A one-of-a-kind electric thruster developed by the European Space Agency collects air molecules and turns them into propellant. The novel propulsion system is meant to keep satellites orbiting at their lowest altitude yet without the need to refuel. A prototype recently passed a critical test, proving the technology is viable.
ESA's GOCE satellites flew as low as 250 km for more than five years thanks to a similar electric thruster which fired to compensate for air drag. But once it depleted the 40 kg of xenon propellant it carried, the satellite had to be discontinued.
To keep similar satellites afloat, organizations such as NASA and The China National Space Administration have devised all sorts of in-space refueling solutions, akin to how some airplanes refuel mid-air today. But the electric thruster proposed by ESA is far more elegant. There are no valves or complex parts, and the propellant is literally air charged by coils and electrodes.
The concept was developed and tested by Italian aerospace company Sitael, which tested a prototype in a vacuum environment that mimicked conditions found 200 km above the Earth's surface. The most challenging part was designing an intake that compresses the collected air molecules instead of having them bounce off randomly. The solution that Sitael engineers found, in collaboration with QuinteScience from Poland, was a dual-stage thruster that electrically charges the incoming air so it provides thrust once it's ejected. The thruster would eject the charged air molecules at a typical speed of 7.8 km/s.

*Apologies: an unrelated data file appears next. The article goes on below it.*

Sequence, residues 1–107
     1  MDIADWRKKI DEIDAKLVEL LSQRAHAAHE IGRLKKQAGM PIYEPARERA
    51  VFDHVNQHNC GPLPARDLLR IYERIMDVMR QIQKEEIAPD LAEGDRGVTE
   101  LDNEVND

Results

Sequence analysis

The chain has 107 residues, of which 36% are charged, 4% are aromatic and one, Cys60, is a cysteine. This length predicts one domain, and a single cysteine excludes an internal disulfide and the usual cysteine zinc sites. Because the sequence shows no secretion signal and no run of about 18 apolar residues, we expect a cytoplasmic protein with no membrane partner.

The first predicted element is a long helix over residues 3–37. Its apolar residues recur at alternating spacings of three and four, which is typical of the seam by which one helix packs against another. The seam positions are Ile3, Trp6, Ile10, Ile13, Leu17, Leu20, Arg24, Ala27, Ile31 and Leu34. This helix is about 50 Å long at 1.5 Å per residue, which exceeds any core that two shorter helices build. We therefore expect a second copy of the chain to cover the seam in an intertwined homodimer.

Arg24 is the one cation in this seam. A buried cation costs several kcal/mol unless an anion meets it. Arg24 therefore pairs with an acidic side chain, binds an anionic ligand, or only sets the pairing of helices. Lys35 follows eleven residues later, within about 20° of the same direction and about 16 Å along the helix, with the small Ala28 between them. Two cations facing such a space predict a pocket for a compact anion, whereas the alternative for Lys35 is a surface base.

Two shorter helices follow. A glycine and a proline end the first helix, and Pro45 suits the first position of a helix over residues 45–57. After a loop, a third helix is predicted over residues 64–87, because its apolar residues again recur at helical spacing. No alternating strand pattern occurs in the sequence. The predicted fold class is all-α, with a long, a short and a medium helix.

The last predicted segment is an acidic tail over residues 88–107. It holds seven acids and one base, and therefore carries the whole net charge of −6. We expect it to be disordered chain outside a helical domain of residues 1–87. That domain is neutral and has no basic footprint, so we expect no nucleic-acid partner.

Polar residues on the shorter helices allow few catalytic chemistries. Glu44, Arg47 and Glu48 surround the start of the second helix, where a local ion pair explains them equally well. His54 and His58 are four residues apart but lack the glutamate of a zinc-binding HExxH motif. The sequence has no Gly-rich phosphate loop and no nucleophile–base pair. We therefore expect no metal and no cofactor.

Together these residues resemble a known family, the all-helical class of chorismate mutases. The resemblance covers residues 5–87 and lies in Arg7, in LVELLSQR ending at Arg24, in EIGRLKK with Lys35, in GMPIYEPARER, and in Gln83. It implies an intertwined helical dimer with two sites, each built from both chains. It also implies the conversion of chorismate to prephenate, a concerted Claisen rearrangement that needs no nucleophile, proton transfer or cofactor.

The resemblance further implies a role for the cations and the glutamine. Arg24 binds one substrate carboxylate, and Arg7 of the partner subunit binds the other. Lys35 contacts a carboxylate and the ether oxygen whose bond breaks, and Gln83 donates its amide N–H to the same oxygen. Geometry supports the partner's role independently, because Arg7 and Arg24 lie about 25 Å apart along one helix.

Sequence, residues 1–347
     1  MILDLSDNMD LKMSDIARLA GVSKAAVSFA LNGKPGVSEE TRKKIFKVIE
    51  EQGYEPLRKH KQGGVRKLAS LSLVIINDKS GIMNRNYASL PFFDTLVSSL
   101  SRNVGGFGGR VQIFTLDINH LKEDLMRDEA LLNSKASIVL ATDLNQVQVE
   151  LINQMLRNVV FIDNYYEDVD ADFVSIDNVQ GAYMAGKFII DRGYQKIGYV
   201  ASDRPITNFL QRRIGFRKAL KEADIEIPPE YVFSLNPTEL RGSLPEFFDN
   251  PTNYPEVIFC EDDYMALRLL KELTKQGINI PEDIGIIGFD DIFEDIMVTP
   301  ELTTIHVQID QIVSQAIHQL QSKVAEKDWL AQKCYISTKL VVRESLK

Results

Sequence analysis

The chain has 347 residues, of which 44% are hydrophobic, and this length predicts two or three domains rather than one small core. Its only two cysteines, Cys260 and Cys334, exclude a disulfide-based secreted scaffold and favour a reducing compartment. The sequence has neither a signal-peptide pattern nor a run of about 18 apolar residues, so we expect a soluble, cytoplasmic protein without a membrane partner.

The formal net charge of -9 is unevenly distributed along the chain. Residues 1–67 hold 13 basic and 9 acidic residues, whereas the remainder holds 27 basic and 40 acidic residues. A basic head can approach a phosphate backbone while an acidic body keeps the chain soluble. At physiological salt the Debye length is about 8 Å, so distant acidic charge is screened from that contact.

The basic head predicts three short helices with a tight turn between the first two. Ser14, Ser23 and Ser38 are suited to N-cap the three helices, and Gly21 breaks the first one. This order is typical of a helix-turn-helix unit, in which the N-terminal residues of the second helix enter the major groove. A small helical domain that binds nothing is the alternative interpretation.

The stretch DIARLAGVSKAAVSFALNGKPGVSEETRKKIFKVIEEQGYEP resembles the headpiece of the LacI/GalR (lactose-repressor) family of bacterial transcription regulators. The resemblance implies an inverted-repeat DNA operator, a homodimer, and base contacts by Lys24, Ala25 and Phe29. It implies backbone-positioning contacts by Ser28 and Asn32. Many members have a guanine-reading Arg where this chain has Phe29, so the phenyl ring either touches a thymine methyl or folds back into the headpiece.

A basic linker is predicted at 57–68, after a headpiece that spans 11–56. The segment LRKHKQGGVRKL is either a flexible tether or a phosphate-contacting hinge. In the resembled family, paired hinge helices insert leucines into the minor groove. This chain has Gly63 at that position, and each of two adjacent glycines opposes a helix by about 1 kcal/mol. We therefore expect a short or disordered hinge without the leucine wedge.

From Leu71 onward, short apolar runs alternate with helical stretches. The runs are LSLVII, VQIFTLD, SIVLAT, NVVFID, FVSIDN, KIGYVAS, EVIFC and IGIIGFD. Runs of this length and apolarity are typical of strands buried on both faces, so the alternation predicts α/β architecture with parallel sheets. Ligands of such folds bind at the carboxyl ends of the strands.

In the first stage of the test, the dual-stage thruster operated on xenon inside a vacuum chamber. Engineers then gradually replaced the xenon with a mixture of high-speed nitrogen and oxygen, mimicking the atmosphere at 200 km altitude.
“When the xenon-based blue colour of the engine plume changed to purple, we knew we’d succeeded,” said ESA engineer Louis Walpot in a statement. “This result means air-breathing electric propulsion is no longer simply a theory but a tangible, working concept, ready to be developed to serve one day as the basis of a new class of missions.”
Some satellites can stay in orbit for decades, maybe centuries, but only because they're so high above Earth's surface that drag is almost nonexistent. The advantage of having a low-orbiting observational satellite is that you can halve the diameter of the aperture of a telescope without sacrificing resolution imagery. What's more, the same technology could be used to power spacecraft at the outer fringes of alien planets, such as Mars, where it would be able to scoop up carbon dioxide as a propellant.